Superheadliners. E-Ticket Attractions. Whatever you want to call them, these Grade A rides and shows is what draws many of us to the parks year in and year out. While rides like the Tommorowland Transit Authority and shows like the Indiana Jones Stunt Spectacular are fun and usually always on my list of things to do, I always first equate Walt Disney World with the superheadliners. The most famous of these superheadliners are the “mountain range” in the Magic Kingdom. The mountain range is comprised of Space Mountain in Tomrrowland (currently under refurbishment), and Big Thunder Mountain Railroad and Splash Mountain in Frontierland, and is always on the minds of guests as they tour the park. Should you get a Fastpass to Splash Mountain and then ride Big Thunder? Or should you race to Tomorrowland for Space Mountain first and make your way to Frontierland later? No matter how you tour the park, these are three must see and experience stops.
Out of all three Disney Mountains, Splash Mountain is by far my favorite. There’s nothing quite like Splash Mountain on a hot and humid Florida summer. Even though there is only one major drop in the entire ride – the anticipation and exhilaration of dropping five stories at a 47 degree angle is unparalleled.
In this article we’ll briefly examine the history of Splash Mountain, go over some of the reasons I am such a huge fan, and recount some interesting times I’ve had on the ride itself.
A Brief History
Splash Mountain was born out of three simultaneous Disney problems. First, Disneyland’s Bear Country was in bad shape in the 1980’s. The Country Bear Jamboree did not appeal to guests in Florida like it did in California. The land was not crowded and very under utilized. Second, the Walt Disney Company was looking to create a water ride to combat the brutal summers in California as well as to attract more guests to its concrete jungle. Last, America Sings, an attraction in Tomorrowland that showcased American music was not as popular as it had been (we can thank disco music for that). As the saying goes, necessity is the mother of all invention. With all of these problems in mind, Imagineer Marc Davis believed that he could create an attraction that would bring Walt Disney’s animated-live action Song of the South (which, because of its depiction of African-Americans was controversial to say the least). With characters, a bright setting, a potentially frightening fall into the briar patch, and music such as Zip-A-Dee-Doo-Dah, the idea was ripe for making into an attraction.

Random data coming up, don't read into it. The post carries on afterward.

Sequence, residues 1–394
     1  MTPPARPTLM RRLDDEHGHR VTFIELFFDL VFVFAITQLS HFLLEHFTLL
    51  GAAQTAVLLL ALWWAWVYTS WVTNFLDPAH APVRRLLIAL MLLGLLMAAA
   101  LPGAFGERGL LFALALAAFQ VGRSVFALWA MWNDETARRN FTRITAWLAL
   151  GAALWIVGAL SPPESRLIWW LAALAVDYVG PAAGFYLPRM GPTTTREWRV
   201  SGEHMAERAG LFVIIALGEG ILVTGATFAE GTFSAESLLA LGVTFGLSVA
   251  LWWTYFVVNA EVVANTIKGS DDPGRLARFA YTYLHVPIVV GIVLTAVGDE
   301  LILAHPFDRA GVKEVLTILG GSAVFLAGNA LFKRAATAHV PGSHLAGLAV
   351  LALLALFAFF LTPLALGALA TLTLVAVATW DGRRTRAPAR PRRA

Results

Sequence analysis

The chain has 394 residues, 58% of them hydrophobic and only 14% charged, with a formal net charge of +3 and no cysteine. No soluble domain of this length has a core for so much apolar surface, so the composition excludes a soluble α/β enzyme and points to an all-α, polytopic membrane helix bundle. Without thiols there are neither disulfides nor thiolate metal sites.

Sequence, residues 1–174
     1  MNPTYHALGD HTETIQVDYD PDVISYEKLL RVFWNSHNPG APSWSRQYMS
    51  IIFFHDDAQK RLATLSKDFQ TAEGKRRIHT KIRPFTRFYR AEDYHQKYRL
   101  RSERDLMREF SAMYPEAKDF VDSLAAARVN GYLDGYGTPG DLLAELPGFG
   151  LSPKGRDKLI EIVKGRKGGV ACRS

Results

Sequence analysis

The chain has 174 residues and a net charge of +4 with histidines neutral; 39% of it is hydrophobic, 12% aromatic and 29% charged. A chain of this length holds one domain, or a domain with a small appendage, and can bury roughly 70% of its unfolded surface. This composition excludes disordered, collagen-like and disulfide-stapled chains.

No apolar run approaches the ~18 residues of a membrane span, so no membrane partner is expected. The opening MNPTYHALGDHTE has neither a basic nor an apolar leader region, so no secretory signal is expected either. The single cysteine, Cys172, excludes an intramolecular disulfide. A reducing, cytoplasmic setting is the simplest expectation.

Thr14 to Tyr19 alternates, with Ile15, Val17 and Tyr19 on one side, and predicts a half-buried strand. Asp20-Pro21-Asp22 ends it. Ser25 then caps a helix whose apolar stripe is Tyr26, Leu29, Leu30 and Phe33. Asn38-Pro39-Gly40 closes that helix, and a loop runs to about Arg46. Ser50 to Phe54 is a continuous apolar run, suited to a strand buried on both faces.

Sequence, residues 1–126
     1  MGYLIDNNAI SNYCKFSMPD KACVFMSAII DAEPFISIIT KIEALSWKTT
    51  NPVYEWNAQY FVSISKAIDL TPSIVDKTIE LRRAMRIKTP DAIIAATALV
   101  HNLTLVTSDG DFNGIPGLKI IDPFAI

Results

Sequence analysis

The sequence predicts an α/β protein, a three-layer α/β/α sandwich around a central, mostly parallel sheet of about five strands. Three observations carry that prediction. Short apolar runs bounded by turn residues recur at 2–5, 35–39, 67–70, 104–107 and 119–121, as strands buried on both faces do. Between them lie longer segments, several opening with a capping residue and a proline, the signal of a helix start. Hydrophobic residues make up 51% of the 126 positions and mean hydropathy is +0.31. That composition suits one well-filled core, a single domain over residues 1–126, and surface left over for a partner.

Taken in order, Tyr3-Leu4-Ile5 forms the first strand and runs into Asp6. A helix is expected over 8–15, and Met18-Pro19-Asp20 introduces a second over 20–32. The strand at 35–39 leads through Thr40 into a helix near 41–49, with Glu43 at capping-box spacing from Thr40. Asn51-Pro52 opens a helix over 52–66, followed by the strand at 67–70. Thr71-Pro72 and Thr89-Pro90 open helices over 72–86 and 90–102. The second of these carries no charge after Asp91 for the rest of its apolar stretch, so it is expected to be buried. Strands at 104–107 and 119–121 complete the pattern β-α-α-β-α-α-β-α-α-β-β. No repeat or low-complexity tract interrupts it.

With an idea in hand, Walt Disney Imagineering began designing the attraction. The exterior would be composed of green hills and red clay, with Chick-a-Pin hill the central peak topped by a tree stump. The fall from Chick-a-Pin Hill to the briar patch would be a terrifying five stories angled a little more than 45 degrees. The interior would showcase audio-animatronic characters from America Sings as well as newly designed audio-animatronic figures such as Brer Fox, Brer Bear, and the protagonist Brer Rabbit. The story itself would be told through music and followed Brer Rabbit as he searched for his Laughing Place.
Interestingly enough, Michael Eisner had a hand in the attraction’s name. The recently released Splash was a big hit for the company, and in fact, wanted a mermaid audio-animatronic figure of Daryl Hannah in the attraction as well. Fortunately Eisner was convinced that the theming would not be appropriate, but the name change stuck. Splash Mountain was born. It would be another in the series of mountains built for the Disney theme parks – a name that would express that it was no ordinary flume ride, but was in fact a thrill ride.
Splash Mountain opened in Disneyland on July 17, 1989 and was an instant success. It didn’t take Disney very long to green light another Splash Mountain in Walt Disney World. But it would not be an exact replica. The Florida version would change to match the Old Southwest theming of its nearby neighbor Big Thunder Mountain Railroad. The ride itself saw the addition of Brer Frog, the narrator on Brer Rabbit’s journey.
Walt Disney World welcomed Splash Mountain to its mountain range three years after its Disneyland counterpart opened, July 17, 1992. It has been a guest favorite ever since.
Splash Mountain Memories
Instead of writing a long narrative of why I love Splash Mountain and the kinds of experiences I’ve had on it – I’m going to list them down one by one.
Well I hope you’ve enjoyed this week’s What in the World? Before I go, I want to announce that next week I’ll be posting a new Studios Central contest where we will be giving away a t-shirt. Make sure you stop by What in the World? next week for more details.